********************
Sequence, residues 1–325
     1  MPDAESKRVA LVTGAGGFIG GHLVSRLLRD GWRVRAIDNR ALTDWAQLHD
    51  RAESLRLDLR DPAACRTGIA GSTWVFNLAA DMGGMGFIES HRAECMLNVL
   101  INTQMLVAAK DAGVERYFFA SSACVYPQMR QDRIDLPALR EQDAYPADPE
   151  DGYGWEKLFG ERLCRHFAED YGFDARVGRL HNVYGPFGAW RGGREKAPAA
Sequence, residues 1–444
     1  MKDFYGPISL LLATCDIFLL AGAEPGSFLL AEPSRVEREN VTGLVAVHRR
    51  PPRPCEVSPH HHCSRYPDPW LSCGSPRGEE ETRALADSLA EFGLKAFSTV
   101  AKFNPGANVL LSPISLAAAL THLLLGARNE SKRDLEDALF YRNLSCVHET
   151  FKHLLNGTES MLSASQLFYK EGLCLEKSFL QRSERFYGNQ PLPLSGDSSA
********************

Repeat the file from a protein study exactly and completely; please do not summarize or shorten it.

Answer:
Sequence, residues 1–325
     1  MPDAESKRVA LVTGAGGFIG GHLVSRLLRD GWRVRAIDNR ALTDWAQLHD
    51  RAESLRLDLR DPAACRTGIA GSTWVFNLAA DMGGMGFIES HRAECMLNVL
   101  INTQMLVAAK DAGVERYFFA SSACVYPQMR QDRIDLPALR EQDAYPADPE
   151  DGYGWEKLFG ERLCRHFAED YGFDARVGRL HNVYGPFGAW RGGREKAPAA
Sequence, residues 1–444
     1  MKDFYGPISL LLATCDIFLL AGAEPGSFLL AEPSRVEREN VTGLVAVHRR
    51  PPRPCEVSPH HHCSRYPDPW LSCGSPRGEE ETRALADSLA EFGLKAFSTV
   101  AKFNPGANVL LSPISLAAAL THLLLGARNE SKRDLEDALF YRNLSCVHET
   151  FKHLLNGTES MLSASQLFYK EGLCLEKSFL QRSERFYGNQ PLPLSGDSSA